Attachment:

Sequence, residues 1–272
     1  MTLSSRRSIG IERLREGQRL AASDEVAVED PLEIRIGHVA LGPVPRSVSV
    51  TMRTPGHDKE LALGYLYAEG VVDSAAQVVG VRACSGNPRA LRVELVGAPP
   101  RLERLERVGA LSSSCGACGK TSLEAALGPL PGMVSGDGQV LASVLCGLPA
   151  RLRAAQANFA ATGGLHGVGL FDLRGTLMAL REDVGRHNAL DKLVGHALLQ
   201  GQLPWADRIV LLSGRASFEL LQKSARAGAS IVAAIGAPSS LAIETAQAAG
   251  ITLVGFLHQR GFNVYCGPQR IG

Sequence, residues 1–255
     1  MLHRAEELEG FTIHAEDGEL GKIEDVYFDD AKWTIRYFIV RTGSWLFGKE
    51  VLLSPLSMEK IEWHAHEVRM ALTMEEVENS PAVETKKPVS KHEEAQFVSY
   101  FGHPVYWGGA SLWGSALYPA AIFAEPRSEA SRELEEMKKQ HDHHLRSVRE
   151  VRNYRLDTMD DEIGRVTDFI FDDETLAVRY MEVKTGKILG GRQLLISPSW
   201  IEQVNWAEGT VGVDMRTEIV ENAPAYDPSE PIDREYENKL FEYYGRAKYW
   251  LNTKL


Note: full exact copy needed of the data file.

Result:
Sequence, residues 1–272
     1  MTLSSRRSIG IERLREGQRL AASDEVAVED PLEIRIGHVA LGPVPRSVSV
    51  TMRTPGHDKE LALGYLYAEG VVDSAAQVVG VRACSGNPRA LRVELVGAPP
   101  RLERLERVGA LSSSCGACGK TSLEAALGPL PGMVSGDGQV LASVLCGLPA
   151  RLRAAQANFA ATGGLHGVGL FDLRGTLMAL REDVGRHNAL DKLVGHALLQ
   201  GQLPWADRIV LLSGRASFEL LQKSARAGAS IVAAIGAPSS LAIETAQAAG
   251  ITLVGFLHQR GFNVYCGPQR IG

Sequence, residues 1–255
     1  MLHRAEELEG FTIHAEDGEL GKIEDVYFDD AKWTIRYFIV RTGSWLFGKE
    51  VLLSPLSMEK IEWHAHEVRM ALTMEEVENS PAVETKKPVS KHEEAQFVSY
   101  FGHPVYWGGA SLWGSALYPA AIFAEPRSEA SRELEEMKKQ HDHHLRSVRE
   151  VRNYRLDTMD DEIGRVTDFI FDDETLAVRY MEVKTGKILG GRQLLISPSW
   201  IEQVNWAEGT VGVDMRTEIV ENAPAYDPSE PIDREYENKL FEYYGRAKYW
   251  LNTKL